Dr. Mary Spratt, professor of biology, will be the Cox Distinguished Professor of Science at William Woods University for another two years.
WWU recently announced that Spratt’s professorship had been renewed. The Clark Cox Trust established the Clark and Mildred Cox Distinguished Professorship, and Spratt was the first recipient of the award in 2008.
To be eligible, faculty are required to hold a Ph.D. and have a full-time appointment in chemistry, biology, physics, mathematics or geology/physical geography. They must have a specific research activity that involves at least one student in a mentor-mentee type relationship.
The award will provide Spratt with funding of $6,000 per year to support and maintain equipment supplies and materials associated with her research, as well as help with travel, technical, clinical and laboratory consultation expenses that may be required. Spratt’s student assistants will also each be awarded a stipend of $500 a semester to help further research.
In the past two years student assistants have written and published abstracts, extracted DNA from ticks and have read and annotated genetic sequences for the Genome Sequencing Center of Washington University in St. Louis, Mo. They also wrote and submitted a grant proposal to Tri Beta, which awarded them $750 to help continue their research.
“While William Woods University promotes teaching as our top priority among faculty, the Clark and Mildred Cox Distinguished Professorship in Science was established by the Clark Cox Trust to help enhance classroom teaching by supporting faculty research in their specific field,” Dr. Sherry McCarthy, vice president and dean of academic affairs, said.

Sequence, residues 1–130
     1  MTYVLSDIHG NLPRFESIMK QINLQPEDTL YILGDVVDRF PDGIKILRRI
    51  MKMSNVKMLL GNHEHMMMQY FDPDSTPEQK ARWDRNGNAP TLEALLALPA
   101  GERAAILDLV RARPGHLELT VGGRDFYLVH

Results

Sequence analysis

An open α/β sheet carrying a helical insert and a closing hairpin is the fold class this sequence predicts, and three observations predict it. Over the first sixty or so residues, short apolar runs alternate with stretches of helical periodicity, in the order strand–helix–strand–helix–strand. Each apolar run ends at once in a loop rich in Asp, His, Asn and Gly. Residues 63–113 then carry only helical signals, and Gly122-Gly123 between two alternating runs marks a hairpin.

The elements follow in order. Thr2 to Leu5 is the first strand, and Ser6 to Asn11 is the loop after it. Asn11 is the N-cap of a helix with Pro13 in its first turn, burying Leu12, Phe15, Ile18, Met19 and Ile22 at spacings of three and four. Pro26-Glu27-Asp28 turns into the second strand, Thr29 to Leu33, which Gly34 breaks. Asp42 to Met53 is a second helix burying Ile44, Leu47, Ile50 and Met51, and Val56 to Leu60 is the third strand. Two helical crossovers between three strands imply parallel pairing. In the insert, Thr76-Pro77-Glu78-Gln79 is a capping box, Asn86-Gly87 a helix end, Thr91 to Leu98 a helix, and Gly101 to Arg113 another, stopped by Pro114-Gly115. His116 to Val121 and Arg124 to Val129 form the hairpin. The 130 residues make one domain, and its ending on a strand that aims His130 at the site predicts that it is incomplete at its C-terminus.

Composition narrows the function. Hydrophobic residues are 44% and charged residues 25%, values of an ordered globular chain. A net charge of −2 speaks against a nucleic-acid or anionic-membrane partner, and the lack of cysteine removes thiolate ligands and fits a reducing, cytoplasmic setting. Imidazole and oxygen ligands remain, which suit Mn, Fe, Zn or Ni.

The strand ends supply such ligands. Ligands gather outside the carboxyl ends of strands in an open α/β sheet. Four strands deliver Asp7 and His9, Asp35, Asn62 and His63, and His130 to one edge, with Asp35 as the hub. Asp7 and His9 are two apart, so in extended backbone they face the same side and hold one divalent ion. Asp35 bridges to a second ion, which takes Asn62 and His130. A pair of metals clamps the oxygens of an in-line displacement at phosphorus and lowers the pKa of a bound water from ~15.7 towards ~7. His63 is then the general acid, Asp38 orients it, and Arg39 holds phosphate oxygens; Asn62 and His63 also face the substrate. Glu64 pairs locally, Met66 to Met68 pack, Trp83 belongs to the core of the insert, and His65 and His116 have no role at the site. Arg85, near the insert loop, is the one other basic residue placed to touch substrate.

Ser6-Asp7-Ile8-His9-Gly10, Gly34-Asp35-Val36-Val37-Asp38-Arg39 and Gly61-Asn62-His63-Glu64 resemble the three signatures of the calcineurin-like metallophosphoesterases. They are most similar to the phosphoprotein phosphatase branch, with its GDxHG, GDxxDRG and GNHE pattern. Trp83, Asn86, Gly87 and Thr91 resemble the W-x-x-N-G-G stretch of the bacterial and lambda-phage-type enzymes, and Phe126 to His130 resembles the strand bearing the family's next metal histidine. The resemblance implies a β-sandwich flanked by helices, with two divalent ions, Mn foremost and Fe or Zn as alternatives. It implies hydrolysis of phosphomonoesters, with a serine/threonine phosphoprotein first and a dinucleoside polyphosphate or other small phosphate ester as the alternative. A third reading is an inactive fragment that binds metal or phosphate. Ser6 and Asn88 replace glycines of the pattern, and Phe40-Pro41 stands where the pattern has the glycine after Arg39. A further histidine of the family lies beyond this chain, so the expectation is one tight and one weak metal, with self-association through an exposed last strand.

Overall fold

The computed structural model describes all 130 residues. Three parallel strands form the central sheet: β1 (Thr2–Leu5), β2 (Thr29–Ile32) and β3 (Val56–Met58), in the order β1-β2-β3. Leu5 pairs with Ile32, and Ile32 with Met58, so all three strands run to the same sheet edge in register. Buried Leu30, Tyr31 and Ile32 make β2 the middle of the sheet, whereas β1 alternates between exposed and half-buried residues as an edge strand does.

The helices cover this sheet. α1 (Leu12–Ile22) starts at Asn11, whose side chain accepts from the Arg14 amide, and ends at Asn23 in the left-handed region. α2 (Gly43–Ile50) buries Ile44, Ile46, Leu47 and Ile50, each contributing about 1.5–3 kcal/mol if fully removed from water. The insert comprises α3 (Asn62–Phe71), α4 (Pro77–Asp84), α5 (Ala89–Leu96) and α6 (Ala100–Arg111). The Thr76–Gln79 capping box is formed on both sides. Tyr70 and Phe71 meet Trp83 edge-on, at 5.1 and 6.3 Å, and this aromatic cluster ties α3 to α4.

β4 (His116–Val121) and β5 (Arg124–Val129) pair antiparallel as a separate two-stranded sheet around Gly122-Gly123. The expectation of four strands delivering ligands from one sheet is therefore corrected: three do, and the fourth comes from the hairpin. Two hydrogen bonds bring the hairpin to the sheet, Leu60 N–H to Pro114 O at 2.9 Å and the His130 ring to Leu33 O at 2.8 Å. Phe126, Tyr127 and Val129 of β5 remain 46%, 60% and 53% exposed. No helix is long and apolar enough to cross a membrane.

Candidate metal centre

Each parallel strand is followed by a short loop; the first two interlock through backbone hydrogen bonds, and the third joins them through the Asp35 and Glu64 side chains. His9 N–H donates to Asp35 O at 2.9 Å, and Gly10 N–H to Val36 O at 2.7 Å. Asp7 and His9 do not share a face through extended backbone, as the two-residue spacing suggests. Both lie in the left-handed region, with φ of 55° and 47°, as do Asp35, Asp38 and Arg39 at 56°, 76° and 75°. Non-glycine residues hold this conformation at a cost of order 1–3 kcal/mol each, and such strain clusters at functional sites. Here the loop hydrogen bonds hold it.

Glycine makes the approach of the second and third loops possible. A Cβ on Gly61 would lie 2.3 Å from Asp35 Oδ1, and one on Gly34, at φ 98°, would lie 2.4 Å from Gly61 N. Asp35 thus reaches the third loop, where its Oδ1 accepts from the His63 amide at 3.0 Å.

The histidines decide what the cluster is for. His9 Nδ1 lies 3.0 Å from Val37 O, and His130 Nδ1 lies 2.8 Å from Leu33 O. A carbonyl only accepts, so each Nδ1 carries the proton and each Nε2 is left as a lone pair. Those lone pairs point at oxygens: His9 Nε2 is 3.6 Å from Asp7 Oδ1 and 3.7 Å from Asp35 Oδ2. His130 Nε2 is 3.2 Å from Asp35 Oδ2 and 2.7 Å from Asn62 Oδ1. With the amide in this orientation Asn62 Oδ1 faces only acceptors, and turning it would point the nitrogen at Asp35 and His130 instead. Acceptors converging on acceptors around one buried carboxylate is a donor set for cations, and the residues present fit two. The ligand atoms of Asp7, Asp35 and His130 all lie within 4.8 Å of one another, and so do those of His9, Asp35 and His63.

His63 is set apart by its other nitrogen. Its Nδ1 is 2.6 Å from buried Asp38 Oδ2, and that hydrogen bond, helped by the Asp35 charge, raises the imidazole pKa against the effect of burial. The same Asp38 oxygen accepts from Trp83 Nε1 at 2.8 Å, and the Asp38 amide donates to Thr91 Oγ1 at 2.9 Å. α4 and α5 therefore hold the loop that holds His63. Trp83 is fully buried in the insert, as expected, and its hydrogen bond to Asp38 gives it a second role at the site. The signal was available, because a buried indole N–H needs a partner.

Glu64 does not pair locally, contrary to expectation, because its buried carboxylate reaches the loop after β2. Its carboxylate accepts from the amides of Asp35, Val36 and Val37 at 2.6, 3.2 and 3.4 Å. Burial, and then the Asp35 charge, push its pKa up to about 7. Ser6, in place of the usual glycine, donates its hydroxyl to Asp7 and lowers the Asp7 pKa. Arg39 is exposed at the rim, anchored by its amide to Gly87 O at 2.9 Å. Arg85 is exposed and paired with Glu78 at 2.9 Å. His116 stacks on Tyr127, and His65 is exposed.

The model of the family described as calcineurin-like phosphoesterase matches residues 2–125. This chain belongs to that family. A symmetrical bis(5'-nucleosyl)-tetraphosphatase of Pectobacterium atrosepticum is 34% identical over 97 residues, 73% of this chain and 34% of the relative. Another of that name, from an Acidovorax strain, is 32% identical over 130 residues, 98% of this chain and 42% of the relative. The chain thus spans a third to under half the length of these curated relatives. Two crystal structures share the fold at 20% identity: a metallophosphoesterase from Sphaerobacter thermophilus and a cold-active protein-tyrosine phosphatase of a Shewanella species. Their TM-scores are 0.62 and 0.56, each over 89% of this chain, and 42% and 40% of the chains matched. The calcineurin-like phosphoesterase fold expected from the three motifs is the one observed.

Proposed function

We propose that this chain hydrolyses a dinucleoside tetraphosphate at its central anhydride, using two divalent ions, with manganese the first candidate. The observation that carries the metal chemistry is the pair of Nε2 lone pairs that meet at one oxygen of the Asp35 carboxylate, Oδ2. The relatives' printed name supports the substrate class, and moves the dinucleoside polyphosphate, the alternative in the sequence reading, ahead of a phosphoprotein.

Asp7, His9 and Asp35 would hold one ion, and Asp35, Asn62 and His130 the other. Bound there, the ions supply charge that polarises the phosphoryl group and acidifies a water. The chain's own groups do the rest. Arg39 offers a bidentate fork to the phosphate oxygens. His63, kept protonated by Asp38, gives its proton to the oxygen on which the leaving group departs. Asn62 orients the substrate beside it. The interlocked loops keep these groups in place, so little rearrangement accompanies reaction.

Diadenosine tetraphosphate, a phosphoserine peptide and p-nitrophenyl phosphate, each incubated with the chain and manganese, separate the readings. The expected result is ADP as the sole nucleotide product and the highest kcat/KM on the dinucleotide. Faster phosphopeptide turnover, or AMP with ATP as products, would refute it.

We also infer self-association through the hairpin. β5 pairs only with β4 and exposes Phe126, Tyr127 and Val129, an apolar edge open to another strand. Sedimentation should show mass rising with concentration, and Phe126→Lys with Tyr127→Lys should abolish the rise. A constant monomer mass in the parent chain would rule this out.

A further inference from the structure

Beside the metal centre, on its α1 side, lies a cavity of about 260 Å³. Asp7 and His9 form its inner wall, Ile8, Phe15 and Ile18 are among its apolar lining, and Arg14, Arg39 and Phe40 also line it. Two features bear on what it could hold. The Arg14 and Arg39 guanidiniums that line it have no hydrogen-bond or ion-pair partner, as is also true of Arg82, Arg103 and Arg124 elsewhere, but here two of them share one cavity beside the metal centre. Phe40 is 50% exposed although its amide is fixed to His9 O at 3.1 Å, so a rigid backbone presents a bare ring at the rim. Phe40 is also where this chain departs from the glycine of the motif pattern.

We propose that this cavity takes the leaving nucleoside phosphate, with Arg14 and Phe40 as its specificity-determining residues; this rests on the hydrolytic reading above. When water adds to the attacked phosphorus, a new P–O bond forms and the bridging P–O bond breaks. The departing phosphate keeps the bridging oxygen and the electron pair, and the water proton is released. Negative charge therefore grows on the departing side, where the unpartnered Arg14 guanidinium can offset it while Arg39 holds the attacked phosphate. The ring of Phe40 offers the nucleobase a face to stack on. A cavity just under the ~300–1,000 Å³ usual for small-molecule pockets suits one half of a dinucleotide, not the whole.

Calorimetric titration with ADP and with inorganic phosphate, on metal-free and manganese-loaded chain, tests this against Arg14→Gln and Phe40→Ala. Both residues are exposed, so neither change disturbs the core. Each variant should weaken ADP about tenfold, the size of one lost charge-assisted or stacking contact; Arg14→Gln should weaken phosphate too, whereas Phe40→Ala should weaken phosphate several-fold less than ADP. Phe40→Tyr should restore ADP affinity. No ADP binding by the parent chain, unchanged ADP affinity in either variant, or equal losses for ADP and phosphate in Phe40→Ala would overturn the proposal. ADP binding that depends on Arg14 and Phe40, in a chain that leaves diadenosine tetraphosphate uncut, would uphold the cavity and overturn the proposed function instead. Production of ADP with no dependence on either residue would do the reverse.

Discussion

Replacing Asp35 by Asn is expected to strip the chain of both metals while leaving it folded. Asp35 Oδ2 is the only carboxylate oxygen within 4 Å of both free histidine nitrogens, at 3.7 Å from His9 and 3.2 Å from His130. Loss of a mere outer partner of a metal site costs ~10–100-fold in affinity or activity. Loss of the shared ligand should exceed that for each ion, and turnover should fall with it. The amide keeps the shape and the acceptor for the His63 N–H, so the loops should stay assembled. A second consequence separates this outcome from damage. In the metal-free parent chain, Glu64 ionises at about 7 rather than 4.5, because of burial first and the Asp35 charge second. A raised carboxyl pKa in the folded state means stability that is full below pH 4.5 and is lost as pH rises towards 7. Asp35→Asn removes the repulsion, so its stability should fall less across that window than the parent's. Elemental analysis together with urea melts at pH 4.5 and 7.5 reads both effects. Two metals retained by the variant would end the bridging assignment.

“The foundation wanted this recipient to be conducting research in which students in the major could directly participate and in which classrooms of students could view the data that research professionals generate,” McCarthy said.
“Dr. Spratt’s research into the infectious diseases carried by ticks and the genomics research done with an entire upper-division class provides that kind of resource for our students.”
She added, “We want students to think as scientists and use the tools of science in research. Students can also see how Dr. Spratt’s research directly impacts the prevention and treatment of diseases.”
Spratt’s accomplishments for the years 2008-2009 include a number of presentations, abstracts and publications for organizations such as the journal Science (AAAS–American Association for the Advancement of Science), MicrobeLibrary (ASM–American Society for Microbiology) and Cell Biology Education-Life Science Education, (an online quarterly journal. )
Spratt earned her bachelor’s degree in biology and English from St. Olaf College, a master’s degree in biology at St. Mary’s College, and a master’s and doctorate degree in physiology and cell biology at the University of Kansas. She has taught at WWU for 18 years.